Florida's Exotic Wildlife. Species detail.
First year: 1975
Established status: Populations
are confirmed breeding and apparently self-sustaining for 10 or
more consecutive years.
Estimated Florida range: 1
county At least 10 years, 1 county Not reported
Statewide trend: Expanding
Photograph by Kevin M. Enge © 2003
Threats to natives: Possible
competitor of the green anole (Anolis carolinensis).
Species Account: This native of
Puerto Rico has been introduced at several localities in Dade
County via pet trade escapees, and in recent years has spread
widely and is now frequently seen in urban, suburban, and
agricultural situations. Males may reach 19 cm (7.5 in) in length
and have dark-bordered dewlaps that range in color from olive-green
to yellow or orange. Males typically have a wavy tail crest, and
the vertebral and nape crests can be erected by muscular
contraction. The dorsal color ranges from olive-tan to almost
black, with lighter colored anoles exhibiting dark bars or blotches
on the trunk and tail. This somewhat arboreal species is usually
seen close to the ground, often perching head downward, on tree
trunks, shrubs, fenceposts, building walls, brush piles, and rock
piles. When frightened, it usually climbs upward, but it may seek
refuge in ground debris. It feeds on insects, blossoms, and fruit
(Bartlett 1995a, Bartlett and Bartlett 1999). It competes for
structural habitat with the brown anole (Anolis sagrei), and in
areas of sympatry, crested anoles reduce the perch height of brown
anoles (Salzburg 1984). Brach (1977) speculated that crested anoles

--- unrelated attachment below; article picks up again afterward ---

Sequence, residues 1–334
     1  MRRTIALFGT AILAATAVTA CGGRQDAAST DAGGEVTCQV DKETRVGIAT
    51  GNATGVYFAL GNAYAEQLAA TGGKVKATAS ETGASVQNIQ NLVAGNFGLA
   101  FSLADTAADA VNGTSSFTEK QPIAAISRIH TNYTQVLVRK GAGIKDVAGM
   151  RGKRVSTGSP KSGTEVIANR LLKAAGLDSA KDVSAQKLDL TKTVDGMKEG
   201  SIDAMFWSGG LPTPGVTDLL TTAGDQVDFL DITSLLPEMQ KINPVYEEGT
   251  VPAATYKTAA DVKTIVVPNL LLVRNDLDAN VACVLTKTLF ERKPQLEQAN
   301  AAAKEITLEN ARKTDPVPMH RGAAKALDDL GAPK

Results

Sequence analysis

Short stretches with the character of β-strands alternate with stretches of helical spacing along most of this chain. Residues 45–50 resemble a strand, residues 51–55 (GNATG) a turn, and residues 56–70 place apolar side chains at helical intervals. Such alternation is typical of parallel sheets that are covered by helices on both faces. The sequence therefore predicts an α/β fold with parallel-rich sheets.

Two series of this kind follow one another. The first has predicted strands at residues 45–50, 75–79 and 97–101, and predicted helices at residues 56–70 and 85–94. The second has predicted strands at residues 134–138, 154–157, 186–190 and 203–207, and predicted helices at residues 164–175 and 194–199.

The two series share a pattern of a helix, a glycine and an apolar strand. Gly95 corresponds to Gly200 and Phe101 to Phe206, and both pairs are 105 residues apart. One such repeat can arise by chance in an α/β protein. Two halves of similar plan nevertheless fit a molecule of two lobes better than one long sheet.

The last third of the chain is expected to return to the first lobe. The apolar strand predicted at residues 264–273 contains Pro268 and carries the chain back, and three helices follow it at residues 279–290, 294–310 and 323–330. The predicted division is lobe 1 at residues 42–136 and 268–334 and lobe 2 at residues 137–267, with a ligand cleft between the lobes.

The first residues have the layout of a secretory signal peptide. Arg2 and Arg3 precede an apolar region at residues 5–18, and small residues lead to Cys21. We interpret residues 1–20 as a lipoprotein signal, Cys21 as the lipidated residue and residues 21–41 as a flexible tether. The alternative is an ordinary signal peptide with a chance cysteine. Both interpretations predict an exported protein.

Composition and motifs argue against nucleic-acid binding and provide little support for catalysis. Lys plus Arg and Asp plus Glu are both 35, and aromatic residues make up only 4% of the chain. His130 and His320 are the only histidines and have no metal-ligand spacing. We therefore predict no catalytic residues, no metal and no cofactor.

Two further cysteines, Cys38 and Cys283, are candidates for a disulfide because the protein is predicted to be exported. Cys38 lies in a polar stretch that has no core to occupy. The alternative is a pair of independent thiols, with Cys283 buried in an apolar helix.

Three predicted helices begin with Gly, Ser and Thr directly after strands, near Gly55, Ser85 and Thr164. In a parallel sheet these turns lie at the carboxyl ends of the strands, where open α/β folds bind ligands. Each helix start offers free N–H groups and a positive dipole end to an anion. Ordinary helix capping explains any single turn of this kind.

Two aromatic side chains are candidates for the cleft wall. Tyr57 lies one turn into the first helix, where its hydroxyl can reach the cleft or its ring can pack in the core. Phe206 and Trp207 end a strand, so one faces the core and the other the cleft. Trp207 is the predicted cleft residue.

may reduce brown anole populations as they expand their range.
Habitats: Low density suburban
development, areas peripheral to core urban areas, and small towns,
Agricultural habitat, Recently disturbed, early successional
|Not reported breeding
||Riverside Inn (Seigel et al. 1999)
|At least 10 years
||(Schwartz and Thomas 1975); several populations in the Miami
area and on Key Biscayne
Bartlett, D. 1995a. The anoles of the United
States. Reptiles 2(5):48-62, 64-65.
Bartlett, R. D., and P. P. Bartlett. 1999. A field
guide to Florida reptiles and amphibians. Gulf Publishing Company,
Houston, Texas. 278pp.
Brach, V. 1977. Notes on the introduced population
of Anolis cristatellus in south Florida. Copeia 1977:184-185.
Salzburg, M. A. 1984. Anolis sagrei and Anolis
cristatellus in southern Florida: a case study in interspecific
competition. Ecology 65:14-19.
Schwartz, A., and R. Thomas. 1975. A check-list of
West Indian amphibians and reptiles. Carnegie Museum of Natural
History, Special Publication No. 1. 216pp.
Seigel, B. J., N. A. Seigel, and R. A. Seigel.
1999. Anolis cristatellus (Puerto Rican crested anole).
Herpetological Review 30:173.
Links to more information
Wild Herp pictures